Professor Mark Csele

Motorized Trailer Dolly

With our trailers getting heavier, and us getting older, it has become quite the feat of strength to move a 7000lb+ trailer around the yard, necessitated by the fact that we have to push it through a 9 foot opening to get to the rear of our yard where it is stored. Presented is a motorized trailer dolly which can literally “turn on a dime” allowing easy ins and outs from the yard.

This unit was built primarily from parts scavenged from my father-in-law who, years ago, built a dolly to move his fifth-wheel trailer around his yard. The original dolly was built onto an ATV cart and features a tall tower for the fifth-wheel pin. It was a large beast almost 4 feet across by six feet in length made of 2″ square steel tubing salvaged here for this unit. Essentially all parts of the new unit were salvaged from the original dolly including the tires, shafts, motor, and gear reducer.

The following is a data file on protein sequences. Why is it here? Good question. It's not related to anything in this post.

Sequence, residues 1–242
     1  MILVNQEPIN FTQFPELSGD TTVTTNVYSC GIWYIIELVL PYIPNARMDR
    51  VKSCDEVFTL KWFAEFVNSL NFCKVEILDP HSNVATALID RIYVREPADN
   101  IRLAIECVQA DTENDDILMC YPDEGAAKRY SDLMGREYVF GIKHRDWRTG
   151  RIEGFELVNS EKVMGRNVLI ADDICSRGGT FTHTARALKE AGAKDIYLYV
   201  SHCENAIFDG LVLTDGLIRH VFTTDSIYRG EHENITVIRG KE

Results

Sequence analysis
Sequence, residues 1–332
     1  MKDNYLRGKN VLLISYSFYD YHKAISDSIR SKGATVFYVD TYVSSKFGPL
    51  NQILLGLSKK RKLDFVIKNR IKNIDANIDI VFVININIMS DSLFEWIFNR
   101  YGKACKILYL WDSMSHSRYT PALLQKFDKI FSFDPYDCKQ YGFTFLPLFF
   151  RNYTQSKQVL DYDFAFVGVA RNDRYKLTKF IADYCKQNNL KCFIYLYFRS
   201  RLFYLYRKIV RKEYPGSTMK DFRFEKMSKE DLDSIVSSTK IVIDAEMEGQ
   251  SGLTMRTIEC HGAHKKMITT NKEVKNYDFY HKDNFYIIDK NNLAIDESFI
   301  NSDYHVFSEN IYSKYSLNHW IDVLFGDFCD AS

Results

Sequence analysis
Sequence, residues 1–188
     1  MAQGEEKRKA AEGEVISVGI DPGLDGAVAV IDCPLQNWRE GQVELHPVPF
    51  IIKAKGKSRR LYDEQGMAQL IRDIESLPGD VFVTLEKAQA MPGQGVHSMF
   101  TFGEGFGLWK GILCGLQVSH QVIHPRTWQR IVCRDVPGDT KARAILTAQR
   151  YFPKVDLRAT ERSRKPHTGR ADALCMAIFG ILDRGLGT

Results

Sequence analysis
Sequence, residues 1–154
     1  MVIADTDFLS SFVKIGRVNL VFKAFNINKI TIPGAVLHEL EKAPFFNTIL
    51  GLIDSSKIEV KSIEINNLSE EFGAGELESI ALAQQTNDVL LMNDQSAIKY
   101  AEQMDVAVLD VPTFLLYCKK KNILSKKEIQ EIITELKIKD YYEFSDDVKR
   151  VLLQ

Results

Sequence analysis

The main frame of the dolly with the main shaft installed for a test fitting. The gear reducer is also seen here placed temporarily onto the aluminum mount.

The main frame of the dolly is constructed of 2″ square steel tubing. The sides of the unit are 31″ in length and two cross-members 25″ in length are welded across these, 6.5″ apart, making a 29″ wide unit. The basic design of this unit has the tires mounted far enough apart to allow the electric tongue jack to operate freely – many designs examined featured a support across the front prohibiting use of the trailer’s own jack.

Layout of the main frame and ball support of the dolly with dimensions. All parts are fabricated from 2″ OD square steel tubing. “CL” is the center line for the main shaft. Note also that side arms are cut 1/2″ longer than required to allow for material to weld onto.